Cone Nose Bugs

In the winter of 1996, more western cone nose bugs were invading homes and other buildings than they had in many years. They were entering through cracks and other openings around doors and windows. These large unattractive insects feed on green pine cones and will not eat or reproduce indoors. If ignored, they will simply dehydrate and die. The winter of 1995 was very cold with record snows. These conditions caused a bumper crop of pine cones in Southern New England which caused the cone nose bug population to explode during the summer of 1996. Seasonally cold weather drove them indoors to look for shelter. Normally somewhat cold tolerant, they remained active throughout the mild winter of 1996. Sealing cracks and crevices around a building and making sure doors and windows are closed tightly will stop the invasion. Simply sweep up Cone Nose Bugs and discard them outdoors. No chemical treatment is necessary.


Over the winter of 1996 a residential customer was seeing Tachinid flies. It was the first time he had had the problem in the many years he had lived in the home. The homeowner asked for an insecticide application inside the house and inside the walls. We resisted his request because it would not solve the problem. We knew that the flies would dehydrate and die on their own. Tachinid flies do not eat or reproduce indoors. The first step was to find where they were entering or hiding and then to seal them out. A lighted glue trap in the attic caught no flies. Lighted traps were set up in the living areas of the home. One was placed inside an unused fireplace behind a fine mesh fireplace screen. The trap inside the dining room caught no flies, but the trap in the fireplace caught many even though the fireplace flue was closed. This prompted more questions.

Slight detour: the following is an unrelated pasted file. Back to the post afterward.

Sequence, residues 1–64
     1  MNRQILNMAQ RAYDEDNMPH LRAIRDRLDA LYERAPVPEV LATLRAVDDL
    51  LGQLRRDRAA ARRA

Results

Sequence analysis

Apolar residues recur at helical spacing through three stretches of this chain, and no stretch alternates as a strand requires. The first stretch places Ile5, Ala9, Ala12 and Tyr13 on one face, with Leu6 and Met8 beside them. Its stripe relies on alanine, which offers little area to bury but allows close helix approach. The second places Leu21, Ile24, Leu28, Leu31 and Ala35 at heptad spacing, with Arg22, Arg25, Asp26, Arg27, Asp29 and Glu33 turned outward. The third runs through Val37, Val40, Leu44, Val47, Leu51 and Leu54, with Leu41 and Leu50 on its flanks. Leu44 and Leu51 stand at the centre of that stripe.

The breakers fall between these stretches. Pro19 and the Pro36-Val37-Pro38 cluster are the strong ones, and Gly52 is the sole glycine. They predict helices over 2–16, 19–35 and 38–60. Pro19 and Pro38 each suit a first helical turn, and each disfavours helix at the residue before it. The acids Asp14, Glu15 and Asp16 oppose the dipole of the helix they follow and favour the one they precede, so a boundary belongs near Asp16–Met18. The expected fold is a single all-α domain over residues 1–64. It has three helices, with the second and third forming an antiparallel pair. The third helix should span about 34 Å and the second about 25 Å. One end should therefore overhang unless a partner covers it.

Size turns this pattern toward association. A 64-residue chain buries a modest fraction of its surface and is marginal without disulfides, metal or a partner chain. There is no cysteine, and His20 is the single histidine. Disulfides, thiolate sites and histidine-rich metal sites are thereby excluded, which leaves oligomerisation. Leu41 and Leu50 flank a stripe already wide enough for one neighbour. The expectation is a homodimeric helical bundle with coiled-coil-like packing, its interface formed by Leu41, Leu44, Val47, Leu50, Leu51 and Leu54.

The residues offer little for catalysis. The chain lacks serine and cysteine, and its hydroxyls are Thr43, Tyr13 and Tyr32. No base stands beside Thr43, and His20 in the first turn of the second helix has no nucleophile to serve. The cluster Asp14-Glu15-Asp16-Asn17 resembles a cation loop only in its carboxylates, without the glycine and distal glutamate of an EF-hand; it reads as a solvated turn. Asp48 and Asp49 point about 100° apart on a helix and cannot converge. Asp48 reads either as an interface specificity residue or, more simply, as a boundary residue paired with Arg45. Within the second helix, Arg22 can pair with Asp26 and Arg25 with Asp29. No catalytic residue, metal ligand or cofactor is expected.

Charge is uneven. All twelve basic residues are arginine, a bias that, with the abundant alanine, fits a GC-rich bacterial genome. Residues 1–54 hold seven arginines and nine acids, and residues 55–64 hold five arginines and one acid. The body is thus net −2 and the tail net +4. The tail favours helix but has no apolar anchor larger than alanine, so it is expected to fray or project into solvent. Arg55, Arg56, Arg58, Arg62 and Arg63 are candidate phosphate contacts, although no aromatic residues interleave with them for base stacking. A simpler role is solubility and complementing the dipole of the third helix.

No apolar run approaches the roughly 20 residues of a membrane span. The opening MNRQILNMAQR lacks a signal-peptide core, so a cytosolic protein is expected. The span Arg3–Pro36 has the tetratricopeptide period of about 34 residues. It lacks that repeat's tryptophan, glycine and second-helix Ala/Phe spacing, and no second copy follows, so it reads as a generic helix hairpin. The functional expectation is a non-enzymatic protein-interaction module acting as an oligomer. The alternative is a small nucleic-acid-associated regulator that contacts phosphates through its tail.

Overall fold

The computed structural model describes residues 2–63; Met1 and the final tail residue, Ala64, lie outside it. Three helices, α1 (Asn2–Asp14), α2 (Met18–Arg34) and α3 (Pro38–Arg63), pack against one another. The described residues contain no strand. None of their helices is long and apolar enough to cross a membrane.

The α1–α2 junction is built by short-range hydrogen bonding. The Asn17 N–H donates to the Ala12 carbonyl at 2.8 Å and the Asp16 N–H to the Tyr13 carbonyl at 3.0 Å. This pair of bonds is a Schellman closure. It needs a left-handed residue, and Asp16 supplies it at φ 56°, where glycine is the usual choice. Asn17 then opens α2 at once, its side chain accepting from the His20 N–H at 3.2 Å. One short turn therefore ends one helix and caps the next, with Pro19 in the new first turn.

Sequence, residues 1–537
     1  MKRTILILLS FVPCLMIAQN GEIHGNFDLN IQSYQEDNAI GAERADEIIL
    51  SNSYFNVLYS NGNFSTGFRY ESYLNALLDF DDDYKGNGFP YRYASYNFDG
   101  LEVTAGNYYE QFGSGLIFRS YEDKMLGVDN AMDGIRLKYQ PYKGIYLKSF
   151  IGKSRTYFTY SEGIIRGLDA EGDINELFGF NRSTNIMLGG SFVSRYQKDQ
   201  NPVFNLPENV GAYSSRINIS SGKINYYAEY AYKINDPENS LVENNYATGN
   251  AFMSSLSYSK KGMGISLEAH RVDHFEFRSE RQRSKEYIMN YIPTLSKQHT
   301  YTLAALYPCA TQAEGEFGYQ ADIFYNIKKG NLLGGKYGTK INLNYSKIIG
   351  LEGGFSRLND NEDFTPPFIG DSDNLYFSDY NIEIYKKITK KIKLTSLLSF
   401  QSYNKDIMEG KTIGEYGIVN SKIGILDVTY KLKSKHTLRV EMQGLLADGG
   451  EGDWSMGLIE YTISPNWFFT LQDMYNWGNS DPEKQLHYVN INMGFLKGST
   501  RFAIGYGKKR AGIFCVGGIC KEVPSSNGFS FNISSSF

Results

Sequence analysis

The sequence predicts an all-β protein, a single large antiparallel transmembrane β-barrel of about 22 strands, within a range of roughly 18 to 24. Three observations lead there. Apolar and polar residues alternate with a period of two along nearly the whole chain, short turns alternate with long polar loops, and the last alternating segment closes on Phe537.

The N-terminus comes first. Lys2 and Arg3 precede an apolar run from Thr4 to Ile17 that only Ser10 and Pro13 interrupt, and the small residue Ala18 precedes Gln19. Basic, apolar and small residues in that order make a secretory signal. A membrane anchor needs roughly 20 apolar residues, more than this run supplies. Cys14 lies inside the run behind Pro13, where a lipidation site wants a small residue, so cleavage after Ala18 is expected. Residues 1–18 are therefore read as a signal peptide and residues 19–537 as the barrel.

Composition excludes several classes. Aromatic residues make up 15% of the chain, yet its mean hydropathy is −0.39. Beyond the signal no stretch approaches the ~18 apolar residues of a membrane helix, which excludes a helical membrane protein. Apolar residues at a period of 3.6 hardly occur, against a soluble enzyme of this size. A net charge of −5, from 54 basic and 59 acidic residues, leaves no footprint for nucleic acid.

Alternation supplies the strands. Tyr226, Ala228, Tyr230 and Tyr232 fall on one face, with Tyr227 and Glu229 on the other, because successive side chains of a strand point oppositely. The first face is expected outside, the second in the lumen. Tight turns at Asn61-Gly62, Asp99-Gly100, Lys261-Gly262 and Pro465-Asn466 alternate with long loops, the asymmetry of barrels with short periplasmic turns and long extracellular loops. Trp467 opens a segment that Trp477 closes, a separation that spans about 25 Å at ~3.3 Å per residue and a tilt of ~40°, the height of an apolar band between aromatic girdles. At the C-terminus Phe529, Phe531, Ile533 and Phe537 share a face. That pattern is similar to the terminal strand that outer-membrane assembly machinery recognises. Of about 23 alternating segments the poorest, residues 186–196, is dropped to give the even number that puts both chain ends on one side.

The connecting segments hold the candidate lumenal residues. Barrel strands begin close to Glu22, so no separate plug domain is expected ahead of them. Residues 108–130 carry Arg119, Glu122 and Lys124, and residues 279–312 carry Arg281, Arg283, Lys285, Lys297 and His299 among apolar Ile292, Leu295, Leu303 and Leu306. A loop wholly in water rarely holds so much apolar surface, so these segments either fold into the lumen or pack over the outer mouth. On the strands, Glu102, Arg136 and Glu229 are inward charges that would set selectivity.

We learned that this was the first winter in many that the home owner had not used the fireplace. The flies had obviously invaded the fireplace in the fall and survived because a roaring fire would have burned or smoked them out. The flue was not air tight and allowed the flies to find ways to enter the home. The homeowner solved the problem by lighting one good fire which ended the fly invasion. An insecticide application would have knocked the adult flies down but new flies would soon have reappeared. Treating the symptoms, even with repeated chemical applications, would not have solved the fly problem and certainly would not have satisfied the customer.

*IPM is Integrated Pest Management, a proactive problem-solving approach to weed, insect and rodent control that reduces or eliminates the need for pesticides. IPM relies on outsmarting the pests to prevent and remedy conditions that attract pests and allow them to thrive. IPM provides effective long-term control of pests and protects the health and safety of your family, the environment and the community.

If you would like to learn more about Integrated Pest Management, call the Green Decade's Committee for Alternatives to Pesticides, (617) 965-1995.